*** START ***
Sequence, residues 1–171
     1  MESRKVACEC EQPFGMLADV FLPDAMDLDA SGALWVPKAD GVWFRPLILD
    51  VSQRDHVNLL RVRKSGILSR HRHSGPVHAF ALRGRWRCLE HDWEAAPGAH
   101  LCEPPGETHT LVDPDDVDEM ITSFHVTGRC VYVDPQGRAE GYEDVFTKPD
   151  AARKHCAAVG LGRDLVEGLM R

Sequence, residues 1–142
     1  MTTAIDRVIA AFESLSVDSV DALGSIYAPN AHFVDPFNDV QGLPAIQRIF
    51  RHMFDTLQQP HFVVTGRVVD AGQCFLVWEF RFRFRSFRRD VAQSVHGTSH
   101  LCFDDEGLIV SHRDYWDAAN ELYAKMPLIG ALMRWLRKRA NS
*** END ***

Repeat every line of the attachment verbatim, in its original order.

Sequence, residues 1–171
     1  MESRKVACEC EQPFGMLADV FLPDAMDLDA SGALWVPKAD GVWFRPLILD
    51  VSQRDHVNLL RVRKSGILSR HRHSGPVHAF ALRGRWRCLE HDWEAAPGAH
   101  LCEPPGETHT LVDPDDVDEM ITSFHVTGRC VYVDPQGRAE GYEDVFTKPD
   151  AARKHCAAVG LGRDLVEGLM R

Sequence, residues 1–142
     1  MTTAIDRVIA AFESLSVDSV DALGSIYAPN AHFVDPFNDV QGLPAIQRIF
    51  RHMFDTLQQP HFVVTGRVVD AGQCFLVWEF RFRFRSFRRD VAQSVHGTSH
   101  LCFDDEGLIV SHRDYWDAAN ELYAKMPLIG ALMRWLRKRA NS